“Yet even in those days,” declares YHWH “I will not make you a complete destruction. It shall come about when they say, ‘Why has YHWH our God done all these things to us?’ then you shall say to them, ‘As you have forsaken Me and served foreign gods in your land, so you will serve strangers in a land that is not yours.’”
But the good news was that God saved His people, brought them out of exile… and the garden yielded its full bounty:
Do not fear, O land, rejoice and be glad, for YHWH has done great things. Do not fear, beasts of the field, for the pastures of the wilderness have turned green, for the tree has borne its fruit, the fig tree and the vine [t’enah wa-gephen] have yielded in full. So rejoice, O sons of Zion, and be glad in YHWH your God.
Food security was really only a certain thing when the community lived outside the threat of war. A life without war and dissidence between neighbours meant everyone could comfortably sit under their own vine and fig tree, and support themselves without being in servitude to others.
And He [God] will judge between many peoples and render decisions for mighty, distant nations. Then they will hammer their swords into plowshares and their spears into pruning hooks; nation will not lift up sword against nation, and never again will they train for war. Each of them will sit under his vine and under his fig tree [takhat gaphnow w’takhat t’enatoh], with no one to make them afraid, for the mouth of YHWH of hosts has spoken.
But YHWH promised that there would be a time when it was not about food security for just yourself (each under his own vine and his own fig tree), but there would be food security for ALL. Everyone would invite his or her neighbour to sit under their vine and under their fig tree:
Zechariah 3:8, 10
‘Now listen, Joshua the high priest, you and your friends who are sitting in front of you—indeed they are men who are a symbol, for behold, I am going to bring in My servant the Branch… ‘In that day,’ declares YHWH of hosts, ‘every one of you will invite his neighbour to sit under his vine and under his fig tree. [el takhat gephen w-el takhat t’ehnah]”
The Branch (who came to serve)
The arrival of “The Branch” (the Messiah) would change everything. It would not be about food security for one, it was about food security for EVERY-one.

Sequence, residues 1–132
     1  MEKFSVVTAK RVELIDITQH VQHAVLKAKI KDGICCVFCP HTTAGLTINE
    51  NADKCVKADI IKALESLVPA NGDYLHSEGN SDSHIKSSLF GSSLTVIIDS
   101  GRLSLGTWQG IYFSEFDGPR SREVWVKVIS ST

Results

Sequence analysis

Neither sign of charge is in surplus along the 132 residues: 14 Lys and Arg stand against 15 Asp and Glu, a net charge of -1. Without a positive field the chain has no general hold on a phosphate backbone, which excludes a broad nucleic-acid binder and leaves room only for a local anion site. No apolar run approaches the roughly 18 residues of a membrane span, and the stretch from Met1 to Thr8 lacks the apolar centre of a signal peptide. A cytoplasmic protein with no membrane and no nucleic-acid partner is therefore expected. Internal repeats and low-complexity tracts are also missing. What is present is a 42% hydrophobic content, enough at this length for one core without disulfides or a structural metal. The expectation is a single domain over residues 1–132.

The vine meant life and abundance… the Branch would bring prosperity for all humans:
Jesus: “The thief comes only to steal and kill and destroy; I came that they may have life, and have it abundantly. I am the good shepherd; the good shepherd lays down His life for the sheep.”
Yeshua came as a Servant to lay down his life in servitude, so that humans could have the chance to live fully and abundantly. There’s an interesting parable in the Tanakh (Old Testament) that connects the vine to servitude. The parable is about trees who sought a king.
In Judges 9 we read of a man named Jotham who shared the parable and the timing of it is important. His half-brother, Abimelech, killed Jotham’s 69 brothers in order to claim kingship for himself. Jotham hid himself away and survived the massacre. But he stood up with great risk to himself and called out his half-brother on this terrible crime. He made his point with this parable:
Now when they told Jotham, he went and stood on the top of Mount Gerizim, and lifted his voice and called out. Thus he said to them, “Listen to me, O men of Shechem, that God may listen to you. Once the trees went forth to anoint a king over them, and they said to the olive tree, ‘Reign over us!’ But the olive tree said to them, ‘Shall I leave my fatness with which God and men are honoured, and go to wave over the trees?’ Then the trees said to the fig tree, ‘You come, reign over us!’ But the fig tree said to them, ‘Shall I leave my sweetness and my good fruit, and go to wave over the trees?’ Then the trees said to the vine [l’gaphen], ‘You come, reign over us!’ But the vine [ha-gephen] said to them, ‘Shall I leave my new wine [tirow’oshi], which cheers God and men, and go to wave over the trees?’ Finally all the trees said to the bramble, ‘You come, reign over us!’ The bramble said to the trees, ‘If in truth you are anointing me as king over you, come and take refuge in my shade; but if not, may fire come out from the bramble and consume the cedars of Lebanon.’”
The olive tree, the fig tree and the grape vine all recognized that their purpose was not to lead, but to serve. It was not surprising that these three trees were the most commonly discussed trees in the New Testament Gospels. Jesus talked about fig trees [Luke 13:6-9, Luke 21:29-33, Mark 11:12-14, 20-25, John 1:48-51], he prayed amongst the olive trees [Mark 14:32], and he announced that he was the true vine:
“I am the true vine, and My Father is the vinedresser. Every branch in Me that does not bear fruit, He takes away; and every branch that bears fruit, He prunes it so that it may bear more fruit. You are already clean because of the word which I have spoken to you. Abide in Me, and I in you. As the branch cannot bear fruit of itself unless it abides in the vine, so neither can you unless you abide in Me. I am the vine, you are the branches; he who abides in Me and I in him, he bears much fruit, for apart from Me you can do nothing. If anyone does not abide in Me, he is thrown away as a branch and dries up; and they gather them, and cast them into the fire and they are burned.”